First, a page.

Aga Khan to Speak At CommencementBy Eva Moy
Editor in chief
The Aga Khan, the religious leader of the Shia Ismaili Muslims, will be the next commencement speaker on May 27.
"The Aga Khan stands as a unique figure on the international scene today," President Charles M. Vest said in his announcement of the speaker. "Through private philanthropy, he has enabled the very poor in Asia and Africa to enhance their lives. These efforts are taking place in areas of primary health care, education, housing, and social and economic development. In this role, he upholds Islamic culture and values while building bridges between the western and Muslim societies."
"His commitment to using modern resources for the betterment of his people, and his deep concern for their welfare, make him a fitting role model for those whose own careers will have similar potential," Vest said.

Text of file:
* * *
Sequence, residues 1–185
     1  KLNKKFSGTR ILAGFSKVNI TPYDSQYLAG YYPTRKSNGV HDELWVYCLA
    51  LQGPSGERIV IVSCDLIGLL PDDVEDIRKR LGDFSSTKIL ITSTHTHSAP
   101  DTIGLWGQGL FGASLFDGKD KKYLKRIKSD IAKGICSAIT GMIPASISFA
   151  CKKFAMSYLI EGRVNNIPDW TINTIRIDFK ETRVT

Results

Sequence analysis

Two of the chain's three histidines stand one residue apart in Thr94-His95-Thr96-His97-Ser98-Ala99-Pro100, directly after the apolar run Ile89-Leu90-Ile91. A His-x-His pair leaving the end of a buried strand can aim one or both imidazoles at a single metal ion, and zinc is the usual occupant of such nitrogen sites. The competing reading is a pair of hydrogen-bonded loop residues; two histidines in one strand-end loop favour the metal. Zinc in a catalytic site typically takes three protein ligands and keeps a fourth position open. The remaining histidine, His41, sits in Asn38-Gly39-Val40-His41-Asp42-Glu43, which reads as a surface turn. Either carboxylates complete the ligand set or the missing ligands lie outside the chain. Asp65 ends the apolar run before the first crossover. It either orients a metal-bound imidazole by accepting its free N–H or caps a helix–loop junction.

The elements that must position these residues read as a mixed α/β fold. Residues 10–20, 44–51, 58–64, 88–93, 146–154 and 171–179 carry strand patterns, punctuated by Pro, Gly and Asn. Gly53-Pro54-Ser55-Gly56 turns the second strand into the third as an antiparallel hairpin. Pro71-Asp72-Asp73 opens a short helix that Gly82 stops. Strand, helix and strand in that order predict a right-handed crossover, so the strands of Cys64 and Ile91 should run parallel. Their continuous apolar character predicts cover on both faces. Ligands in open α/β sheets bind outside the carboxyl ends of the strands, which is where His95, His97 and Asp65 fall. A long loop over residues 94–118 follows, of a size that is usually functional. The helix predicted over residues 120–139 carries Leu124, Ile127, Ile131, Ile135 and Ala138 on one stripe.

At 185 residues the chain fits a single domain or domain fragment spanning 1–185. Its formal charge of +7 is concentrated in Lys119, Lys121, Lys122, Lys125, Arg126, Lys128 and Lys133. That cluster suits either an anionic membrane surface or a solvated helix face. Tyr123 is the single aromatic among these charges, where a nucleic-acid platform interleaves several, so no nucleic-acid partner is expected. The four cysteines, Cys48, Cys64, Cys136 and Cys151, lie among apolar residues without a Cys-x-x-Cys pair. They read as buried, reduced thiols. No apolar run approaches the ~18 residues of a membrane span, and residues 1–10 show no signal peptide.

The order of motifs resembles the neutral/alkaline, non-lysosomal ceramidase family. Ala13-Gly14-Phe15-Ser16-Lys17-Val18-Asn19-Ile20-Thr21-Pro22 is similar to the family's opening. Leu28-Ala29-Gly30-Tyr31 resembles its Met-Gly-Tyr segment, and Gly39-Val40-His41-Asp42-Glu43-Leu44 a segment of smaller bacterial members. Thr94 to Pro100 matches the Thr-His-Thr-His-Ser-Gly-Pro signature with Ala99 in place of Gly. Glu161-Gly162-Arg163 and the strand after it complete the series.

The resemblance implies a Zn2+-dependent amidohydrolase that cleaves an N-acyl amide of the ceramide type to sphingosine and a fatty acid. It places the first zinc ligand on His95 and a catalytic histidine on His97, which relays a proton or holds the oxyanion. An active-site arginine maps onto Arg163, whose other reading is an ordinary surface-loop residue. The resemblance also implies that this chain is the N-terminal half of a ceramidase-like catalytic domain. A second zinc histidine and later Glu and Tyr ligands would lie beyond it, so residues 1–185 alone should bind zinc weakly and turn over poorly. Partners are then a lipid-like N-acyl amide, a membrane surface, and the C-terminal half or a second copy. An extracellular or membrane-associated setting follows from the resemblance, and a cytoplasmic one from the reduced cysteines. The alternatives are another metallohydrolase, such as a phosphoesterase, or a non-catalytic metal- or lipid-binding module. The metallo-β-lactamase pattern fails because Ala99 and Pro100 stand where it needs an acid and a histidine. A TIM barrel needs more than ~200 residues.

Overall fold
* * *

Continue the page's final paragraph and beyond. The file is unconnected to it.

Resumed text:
The Aga Khan is the spiritual leader of about 15 to 20 million Ismaili Muslims, a sect within Shia Muslim, according to Barbro M. Ek, director of the Aga Khan Program for Islamic Architecture at MIT.
"In the developing world, the Ismailis live mainly in Central and South Asia, East Africa, and the Middle East. They now also live in Europe and North America," according to the AKPIA biography of the Aga Khan.
49th Imam of the Ismaili Muslims
The Aga Khan, whose title is His Highness Prince Karim Aga Khan IV, became the 49th Imam (Spiritual Leader) of the Ismailis in 1957. He directs the Aga Khan Development Network, "a nexus of organizations working to improve living conditions and opportunities in specific regions of the developing world," according to the biography. The Network deals mainly with issues of health care, education, housing, and rural economic development.
In 1979, he established the Aga Khan Program for Islamic Architecture at MIT and Harvard -- where he graduated with an honors degree in Islamic history in 1959 -- with an initial gift of more than $11.5 million.
"The Aga Khan has provided endowed funds to support faculty, students, and library development in perpetuity," according to an AKPIA brochure. "He has also provided annually renewed funding for various activities that will stimulate interest, encourage research, and develop information resources both for historians of architecture and for the architects and urbanists who are now planning and building in Islamic societies."